Military, Products, Regulatory

Editor’s Notebook

By James T. McKenna | February 1, 2005

A Breakthrough Year?

Will 2005 be a breakthrough year for rotorcraft?

Venturing such an upbeat forecast, as we would by answering that in the affirmative, is always a dicey proposition. Many a bar bet is won and laughs of ridicule shared at year's end by comparing to reality the bold predictions made the preceding New Year's Eve. You need be embarrassed only once or twice in that process before you heed its lessons on Fate's fickle nature and take to waving off such questions or answering them with a stock "Who's to say?"


We in the helicopter industry this year may be more inclined to optimism over prudence. We gather this month in Anaheim, Calif. for the Helicopter Assn. International's 57th Annual Heli-Expo in the wake of a remarkable year, which you will recall as you read Rotor & Wing's report on the state of the industry and its segments.

Last year began with the U.S. Army figuratively tossing $100 bills from the Pentagon's roof when it cancelled the $14-billion-plus Boeing/Sikorsky RAH-66 Comanche program and vowed that all that money would be dedicated to new aircraft programs. We concluded 2004 with FAA certification of the long-awaited Bell/Agusta Aerospace Co. AB139 and Frank Robinson's stunning tally for the year of more than 690 piston-engine aircraft sales by his namesake helicopter company.

So, as we all gather in the Land of Disney, we might be forgiven for being a bit bright-eyed and giddy. Up front, 2005 looks promising. Bell, Eurocopter and Sikorsky all enter it coming off a year of strong turbine-powered aircraft sales. We have new civil aircraft programs in store this year. The U.S. Army is marching ahead with procurement of the new Armed Reconnaissance and Light Utility helicopters, and funding for those programs seems secure (at least for now). We have a new presidential helicopter contract and all its ramifications to discern and contemplate.

Why do I think 2005 might not just be a good year but one that transforms the helicopter industry? There are four reasons.

Schweizer and Sikorsky--Having joined forces late last year, these manufacturers this year will refine their assessments of how they can benefit from each other's talents and resources and focus on achieving the fruits of their union. This should unleash Schweizer, an agile, innovative manufacturer and aerospace subcontractor that before the marriage with Sikorsky had reached its financial and organizational limits. It also should invigorate Sikorsky, which re-enters both the fixed-wing and unmanned aerial vehicle markets and extends its product line into what is quite obviously a vigorous piston-engine helicopter segment. Their combined presence will spur competitors in their markets to step up to the new challenges Sikorsky/Schweizer poses.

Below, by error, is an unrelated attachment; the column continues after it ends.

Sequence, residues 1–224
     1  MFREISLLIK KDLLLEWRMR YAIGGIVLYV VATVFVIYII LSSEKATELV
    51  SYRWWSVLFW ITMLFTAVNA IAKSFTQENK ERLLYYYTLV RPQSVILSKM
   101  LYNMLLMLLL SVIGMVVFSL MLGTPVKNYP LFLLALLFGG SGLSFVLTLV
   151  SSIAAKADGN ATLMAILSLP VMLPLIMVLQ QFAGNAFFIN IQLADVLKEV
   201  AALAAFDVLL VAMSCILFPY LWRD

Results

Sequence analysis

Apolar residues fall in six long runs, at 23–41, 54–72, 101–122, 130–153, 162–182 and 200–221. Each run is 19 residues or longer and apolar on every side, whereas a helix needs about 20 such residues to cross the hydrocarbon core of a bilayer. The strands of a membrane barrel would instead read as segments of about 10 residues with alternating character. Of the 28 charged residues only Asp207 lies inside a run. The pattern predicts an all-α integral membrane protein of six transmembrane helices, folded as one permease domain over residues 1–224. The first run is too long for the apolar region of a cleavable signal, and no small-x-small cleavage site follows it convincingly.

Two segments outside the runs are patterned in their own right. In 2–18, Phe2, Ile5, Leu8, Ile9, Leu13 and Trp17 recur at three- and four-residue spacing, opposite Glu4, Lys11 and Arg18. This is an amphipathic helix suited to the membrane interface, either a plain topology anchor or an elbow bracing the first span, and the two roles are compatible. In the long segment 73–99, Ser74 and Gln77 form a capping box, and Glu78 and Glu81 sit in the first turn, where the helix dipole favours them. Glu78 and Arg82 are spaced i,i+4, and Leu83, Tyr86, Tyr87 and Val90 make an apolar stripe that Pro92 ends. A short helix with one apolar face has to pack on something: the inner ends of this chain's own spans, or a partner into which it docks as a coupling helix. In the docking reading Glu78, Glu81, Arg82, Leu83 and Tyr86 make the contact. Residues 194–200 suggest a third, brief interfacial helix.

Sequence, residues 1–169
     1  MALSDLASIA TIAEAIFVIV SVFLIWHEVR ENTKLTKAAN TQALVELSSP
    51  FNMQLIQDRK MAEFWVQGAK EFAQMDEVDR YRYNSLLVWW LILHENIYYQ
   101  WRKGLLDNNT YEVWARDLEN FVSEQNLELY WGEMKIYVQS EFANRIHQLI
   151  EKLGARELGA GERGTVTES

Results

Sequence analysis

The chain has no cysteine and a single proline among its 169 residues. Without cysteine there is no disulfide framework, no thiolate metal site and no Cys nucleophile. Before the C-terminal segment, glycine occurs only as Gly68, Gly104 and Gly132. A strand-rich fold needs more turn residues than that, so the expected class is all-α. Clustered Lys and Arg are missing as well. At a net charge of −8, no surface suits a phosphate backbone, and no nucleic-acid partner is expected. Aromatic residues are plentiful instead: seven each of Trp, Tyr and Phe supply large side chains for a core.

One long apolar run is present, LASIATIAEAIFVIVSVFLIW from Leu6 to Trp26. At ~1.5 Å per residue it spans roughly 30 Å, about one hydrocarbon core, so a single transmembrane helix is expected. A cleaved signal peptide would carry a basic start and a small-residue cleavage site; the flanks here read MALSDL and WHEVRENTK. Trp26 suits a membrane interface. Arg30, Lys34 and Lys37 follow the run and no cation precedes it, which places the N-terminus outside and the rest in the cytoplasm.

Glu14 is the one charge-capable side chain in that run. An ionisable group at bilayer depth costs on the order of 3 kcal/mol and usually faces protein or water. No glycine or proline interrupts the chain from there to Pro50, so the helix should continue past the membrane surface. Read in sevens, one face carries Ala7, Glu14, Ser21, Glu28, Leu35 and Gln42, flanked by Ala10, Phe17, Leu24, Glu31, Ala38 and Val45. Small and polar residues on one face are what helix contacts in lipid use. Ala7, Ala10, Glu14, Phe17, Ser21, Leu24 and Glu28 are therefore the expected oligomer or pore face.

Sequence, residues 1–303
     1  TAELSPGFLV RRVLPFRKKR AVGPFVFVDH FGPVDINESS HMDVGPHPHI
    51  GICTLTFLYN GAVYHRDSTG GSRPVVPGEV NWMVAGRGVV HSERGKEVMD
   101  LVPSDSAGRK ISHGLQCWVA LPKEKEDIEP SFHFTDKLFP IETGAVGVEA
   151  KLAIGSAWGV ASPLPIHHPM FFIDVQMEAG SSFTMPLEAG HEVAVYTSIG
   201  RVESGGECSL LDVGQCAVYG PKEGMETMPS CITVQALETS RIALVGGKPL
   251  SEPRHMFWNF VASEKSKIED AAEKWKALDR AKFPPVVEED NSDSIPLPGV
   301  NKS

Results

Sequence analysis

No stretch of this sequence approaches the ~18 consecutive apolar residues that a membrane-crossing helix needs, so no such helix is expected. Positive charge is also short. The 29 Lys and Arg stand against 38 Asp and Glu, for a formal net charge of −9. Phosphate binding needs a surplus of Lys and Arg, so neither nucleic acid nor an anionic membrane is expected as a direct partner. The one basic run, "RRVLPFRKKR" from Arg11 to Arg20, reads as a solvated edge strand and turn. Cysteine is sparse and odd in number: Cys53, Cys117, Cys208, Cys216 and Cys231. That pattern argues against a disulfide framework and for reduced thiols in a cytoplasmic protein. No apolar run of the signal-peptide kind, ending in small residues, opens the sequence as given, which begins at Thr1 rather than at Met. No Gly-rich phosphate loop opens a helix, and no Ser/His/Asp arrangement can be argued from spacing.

Safety--Accidents and unsafe incidents are chronic problems for rotorcraft operations. EMS outfits in the United States and offshore support companies in the Gulf of Mexico are coming off some of their worst years ever as far as accident totals are concerned. The predicaments have caught the attention of the U.S. National Transportation Safety Board and the FAA. Both are due to issue recommendations on improving EMS ops, which should spur industry to action. In addition, a broad coalition of industry and government groups plans to discuss collaborative safety improvement efforts at the first International Helicopter Safety Symposium this September in Montreal. Collectively, these efforts could alter the industry-wide safety landscape for the better.

The Center for Rotorcraft Innovation--Industry leaders have settled with Rep. Curt Weldon on support for his Center for Rotorcraft Innovation. At a time when every federal agency is scrambling to protect the funding it has, the influential Pennsylvania Republican carved $2.5 million from the U.S. Army budget for a center to reinvigorate rotorcraft research and production in America. But industry leaders feared the center would be a subsidized annex of Boeing, whose Philadelphia rotorcraft plant is near Weldon's district. Late last year, they overcame that difference (see p. 16). Industry will combine their efforts to foster research with Weldon's, which should free funding and promote collaboration in an area in which European companies and governments have long held the lead.

Tsunami Relief--The Dec. 26, 2004 tsunamis that killed nearly 160,000 and injured and displaced millions around the Indian Ocean is a disaster beyond comprehension. Among the first in to help were helicopter operators, both civil and governmental. They provided tools and capabilities that no other group anywhere could match. They went into devastated areas beyond even the reach of rescue workers on foot. They re-established lines of communications and often were the only means of doing so. They allowed relief leaders to survey the extent of the disaster and identify the areas of greatest need. They maintained the flow of relief workers and supplies when every other means of access was blocked. Rotorcraft, their operators and their crews saved countless millions. In the process, we hope, they demonstrated to those unfamiliar with helicopters the truly unique capabilities rotorcraft bring to emergency response and disaster relief. As combat in Afghanistan and Iraq continues to prove to military leaders the unique value of rotorcraft, the tsunamis present the best opportunity we may have to help civilian leaders appreciate the role rotorcraft can and must play in the emergency planning of nations.

There is my rose-colored vision of 2005. If Fate allows, we'll compare it to reality when 2006 arrives.

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